Ranking Member Grijalva's Statement on New Border Wall Construction and Use of Dangerous Waiver Authority

A sad day for Lobos and other species as their migratory routes continue to be destroyed. The wall has already caused irreparable damage to natural and cultural resources along the U.S.-Mexico border. This stunning development waives 26 federal laws and regulations.

October 6, 2023
Contact: Lindsay Gressard: Lindsay.Gressard@mail.house.gov

Ranking Member Grijalva's Statement on New Border Wall Construction and Use of Dangerous Waiver Authority

Washington, D.C. – Today, House Natural Resources Committee Ranking Member Raúl M. Grijalva (D-Ariz.) issued the following statement on the Biden administration’s announcement that it will use the Secretary of Homeland Security’s authority to waive all laws and legal requirements to build approximately 17 miles of new border wall. 

A recent U.S. Government Accountability Office report<https://democrats-naturalresources.house.gov/media/press-releases/government-watchdog-trumps-border-wall-damaged-environment-hurt-wildlife-and-destroyed-indigenous-sacred-sites> shows that the existing border wall and use of this waiver authority has already caused irreparable damage to natural and cultural resources along the U.S.-Mexico border.

“Walls don’t work. They are climbed over, cut through, and even blown over by the wind. They are a cheaply conceived—yet exorbitantly expensive—political stunt that does nothing to address a deeply complex humanitarian issue. What walls do accomplish is drumming up anti-migrant hate, dividing border communities in half, and endangering the lives of people who are fleeing violence and oppression in search of a better life.

“But worse, under previous Republican administrations, border walls were recklessly constructed under the incomprehensible waiver authority, which allowed them to bypass any law—federal, state, or local—that protects human rights, health, safety, our environment, or Tribal and cultural resources. The damage has been incalculable and irreparable. The waiver authority never should have been passed into law, much less used by any administration.

“Whether their hands are tied or not, the Biden administration’s decision to build more wall is antithetical to the values they have promised to uphold for the American people. And their decision to be the first Democratic administration to use the waiver authority is deeply troubling. I urge them to reverse course and rescind the waiver. In the meantime, I will do everything in my capacity to ensure that this relic of the Trump administration does not perpetrate further harm to our environment, the communities of south Texas, and the people who are coming to this country seeking safety and refuge we all deserve.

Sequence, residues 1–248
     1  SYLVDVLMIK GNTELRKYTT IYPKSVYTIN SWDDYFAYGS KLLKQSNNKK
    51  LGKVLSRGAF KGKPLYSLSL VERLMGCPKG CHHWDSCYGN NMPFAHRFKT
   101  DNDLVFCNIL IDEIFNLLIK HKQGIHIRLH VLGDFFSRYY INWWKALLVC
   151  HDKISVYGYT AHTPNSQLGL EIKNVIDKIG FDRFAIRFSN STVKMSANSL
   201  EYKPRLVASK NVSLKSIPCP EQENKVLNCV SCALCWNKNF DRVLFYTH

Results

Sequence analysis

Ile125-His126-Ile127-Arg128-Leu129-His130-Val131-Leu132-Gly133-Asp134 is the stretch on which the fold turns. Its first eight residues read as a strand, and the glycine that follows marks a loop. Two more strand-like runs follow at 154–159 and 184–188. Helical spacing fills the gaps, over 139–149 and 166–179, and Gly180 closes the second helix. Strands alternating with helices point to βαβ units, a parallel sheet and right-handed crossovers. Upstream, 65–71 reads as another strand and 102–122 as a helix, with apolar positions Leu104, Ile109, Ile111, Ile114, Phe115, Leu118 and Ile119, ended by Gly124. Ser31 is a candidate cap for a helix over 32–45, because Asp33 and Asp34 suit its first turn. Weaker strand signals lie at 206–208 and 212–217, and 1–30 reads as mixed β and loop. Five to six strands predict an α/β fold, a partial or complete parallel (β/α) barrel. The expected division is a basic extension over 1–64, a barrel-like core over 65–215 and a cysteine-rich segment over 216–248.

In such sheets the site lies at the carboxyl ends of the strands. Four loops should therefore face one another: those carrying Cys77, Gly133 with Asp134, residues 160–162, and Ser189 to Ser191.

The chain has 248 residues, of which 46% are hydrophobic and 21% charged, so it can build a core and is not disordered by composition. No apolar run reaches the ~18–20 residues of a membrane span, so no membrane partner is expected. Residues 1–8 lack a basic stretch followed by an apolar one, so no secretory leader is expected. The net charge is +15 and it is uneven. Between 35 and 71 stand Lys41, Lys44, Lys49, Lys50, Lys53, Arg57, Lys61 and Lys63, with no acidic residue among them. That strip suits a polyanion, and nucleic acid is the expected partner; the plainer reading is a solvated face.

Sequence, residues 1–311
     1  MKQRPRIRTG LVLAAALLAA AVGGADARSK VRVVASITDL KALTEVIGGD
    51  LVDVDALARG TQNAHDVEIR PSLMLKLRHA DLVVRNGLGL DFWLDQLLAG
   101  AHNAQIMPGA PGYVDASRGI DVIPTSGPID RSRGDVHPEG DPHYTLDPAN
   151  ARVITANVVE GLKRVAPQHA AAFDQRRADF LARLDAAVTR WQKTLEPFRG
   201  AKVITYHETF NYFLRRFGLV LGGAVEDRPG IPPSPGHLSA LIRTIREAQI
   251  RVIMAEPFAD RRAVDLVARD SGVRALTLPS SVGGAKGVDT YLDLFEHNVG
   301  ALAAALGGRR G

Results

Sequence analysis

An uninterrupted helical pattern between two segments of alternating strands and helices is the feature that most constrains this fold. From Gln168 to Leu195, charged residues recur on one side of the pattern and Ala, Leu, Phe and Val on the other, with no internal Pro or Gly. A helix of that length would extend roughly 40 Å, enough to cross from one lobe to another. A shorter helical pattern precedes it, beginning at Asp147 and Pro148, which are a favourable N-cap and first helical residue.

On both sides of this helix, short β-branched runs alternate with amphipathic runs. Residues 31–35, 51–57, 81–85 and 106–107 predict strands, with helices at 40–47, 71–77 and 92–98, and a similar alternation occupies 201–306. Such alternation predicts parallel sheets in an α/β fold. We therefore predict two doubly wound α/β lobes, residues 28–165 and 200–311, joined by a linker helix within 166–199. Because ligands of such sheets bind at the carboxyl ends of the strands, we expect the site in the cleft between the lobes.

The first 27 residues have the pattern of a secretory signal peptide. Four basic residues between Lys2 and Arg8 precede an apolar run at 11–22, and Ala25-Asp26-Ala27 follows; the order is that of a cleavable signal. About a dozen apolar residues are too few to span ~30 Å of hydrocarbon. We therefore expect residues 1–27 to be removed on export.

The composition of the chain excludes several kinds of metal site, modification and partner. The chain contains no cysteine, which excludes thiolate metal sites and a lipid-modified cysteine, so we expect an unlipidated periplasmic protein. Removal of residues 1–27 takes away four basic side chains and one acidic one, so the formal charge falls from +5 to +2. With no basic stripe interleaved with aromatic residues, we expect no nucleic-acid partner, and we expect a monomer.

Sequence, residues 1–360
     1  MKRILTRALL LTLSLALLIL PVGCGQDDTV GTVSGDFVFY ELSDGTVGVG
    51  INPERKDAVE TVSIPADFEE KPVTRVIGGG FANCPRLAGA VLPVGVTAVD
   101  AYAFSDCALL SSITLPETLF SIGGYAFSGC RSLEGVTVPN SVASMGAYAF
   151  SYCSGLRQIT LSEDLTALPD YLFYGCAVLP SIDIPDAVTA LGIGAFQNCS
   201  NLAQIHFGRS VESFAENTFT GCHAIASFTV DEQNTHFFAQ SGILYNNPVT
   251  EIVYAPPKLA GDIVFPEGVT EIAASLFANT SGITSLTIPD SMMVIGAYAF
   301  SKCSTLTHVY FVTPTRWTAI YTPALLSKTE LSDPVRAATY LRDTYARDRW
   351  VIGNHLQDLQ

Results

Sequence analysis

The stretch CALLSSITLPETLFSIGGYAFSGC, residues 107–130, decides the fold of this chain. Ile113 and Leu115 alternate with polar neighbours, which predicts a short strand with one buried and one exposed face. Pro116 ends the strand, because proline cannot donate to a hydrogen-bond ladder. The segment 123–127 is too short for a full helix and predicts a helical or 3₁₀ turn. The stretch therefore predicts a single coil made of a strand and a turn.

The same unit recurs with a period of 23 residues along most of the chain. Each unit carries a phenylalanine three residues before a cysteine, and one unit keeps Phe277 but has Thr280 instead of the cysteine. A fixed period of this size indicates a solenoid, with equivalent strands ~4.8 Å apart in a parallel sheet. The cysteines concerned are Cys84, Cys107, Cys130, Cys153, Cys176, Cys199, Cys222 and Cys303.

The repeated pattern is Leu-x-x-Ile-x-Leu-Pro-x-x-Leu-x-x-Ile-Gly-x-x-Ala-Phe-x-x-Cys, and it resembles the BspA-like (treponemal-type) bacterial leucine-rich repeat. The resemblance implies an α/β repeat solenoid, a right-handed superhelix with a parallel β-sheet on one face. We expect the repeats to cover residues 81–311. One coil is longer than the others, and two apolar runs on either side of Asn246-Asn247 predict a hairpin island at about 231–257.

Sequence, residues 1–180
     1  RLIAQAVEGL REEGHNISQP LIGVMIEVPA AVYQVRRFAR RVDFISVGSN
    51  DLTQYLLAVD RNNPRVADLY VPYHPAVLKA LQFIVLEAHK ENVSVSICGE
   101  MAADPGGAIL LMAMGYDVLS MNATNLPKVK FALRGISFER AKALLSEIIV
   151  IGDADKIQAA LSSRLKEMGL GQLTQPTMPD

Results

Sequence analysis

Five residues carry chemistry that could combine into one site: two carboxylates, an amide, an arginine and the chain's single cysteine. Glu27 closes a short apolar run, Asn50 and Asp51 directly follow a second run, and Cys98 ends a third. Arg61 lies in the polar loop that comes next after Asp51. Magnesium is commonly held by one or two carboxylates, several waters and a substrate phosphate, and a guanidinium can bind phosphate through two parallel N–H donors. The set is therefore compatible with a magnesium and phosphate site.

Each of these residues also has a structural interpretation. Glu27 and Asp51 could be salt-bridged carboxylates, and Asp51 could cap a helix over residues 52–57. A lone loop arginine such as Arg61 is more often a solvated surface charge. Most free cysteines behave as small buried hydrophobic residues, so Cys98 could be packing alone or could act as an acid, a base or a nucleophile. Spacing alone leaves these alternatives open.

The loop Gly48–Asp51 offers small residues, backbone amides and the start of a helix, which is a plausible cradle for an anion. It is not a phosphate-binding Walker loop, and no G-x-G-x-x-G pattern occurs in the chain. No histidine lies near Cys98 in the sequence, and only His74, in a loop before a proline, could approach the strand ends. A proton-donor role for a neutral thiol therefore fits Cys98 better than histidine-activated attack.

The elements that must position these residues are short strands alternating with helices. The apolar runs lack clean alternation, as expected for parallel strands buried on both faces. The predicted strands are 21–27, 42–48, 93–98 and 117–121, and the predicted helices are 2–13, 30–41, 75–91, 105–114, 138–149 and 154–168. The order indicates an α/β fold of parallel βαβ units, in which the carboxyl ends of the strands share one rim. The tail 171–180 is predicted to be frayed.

“We are in the midst of a humanitarian crisis. A crisis that the Biden administration must unfortunately manage alone since House Republicans only want to spread cruel anti-immigrant rhetoric, block comprehensive reform, and push enforcement-only policies that make the situation worse. The need for consistent, holistic policies rooted in human rights is more important than ever, and I urge the administration to rethink their current approach.”

Per the Real ID Act of 2005, the Secretary of Homeland Security has the authority to waive “all laws and legal requirements,” including state and local laws, to build barriers and roads along U.S. borders. This is the broadest, most sweeping authority of any cabinet official.

On Oct. 5, the Biden administration posted a Federal Register notice<https://www.federalregister.gov/documents/2023/10/05/2023-22176/determination-pursuant-to-section-102-of-the-illegal-immigration-reform-and-immigrant-responsibility> of its intent to use the Secretary’s waiver authority to build approximately 17 miles of noncontiguous border wall and roads in the Rio Grande Valley Sector (Starr County). The wall will consist of 18-foot steel bollards placed in “movable” concrete jersey barriers. The 26 federal laws and regulations that will be waived include the following:

  • National Environmental Policy
  • Endangered Species Act
  • Federal Water Pollution Control Act (commonly referred to as the Clean Water Act)
  • National Historic Preservation Act
  • Migratory Bird Treaty Act
  • Migratory Bird Conservation Act
  • Clean Air Act
  • Archeological Resources Protection Act
  • Paleontological Resources Preservation Act
  • Safe Drinking Water Act
  • Noise Control Act
  • Solid Waste Disposal Act
  • Comprehensive Environmental Response, Compensation, and Liability Act
  • Archaeological and Historic Preservation Act
  • Antiquities Act
  • Historic Sites, Buildings, and Antiquities Act
  • Farmland Protection Policy Act
  • National Wildlife Refuge System Administration Act
  • National Fish and Wildlife Act of 1956
  • Fish and Wildlife Coordination Act
  • National Trails System Act
  • Administrative Procedure Act
  • Eagle Protection Act
  • Native American Graves Protection and Repatriation Act
  • American Indian Religious Freedom Act
  • Federal Land Policy and Management Act

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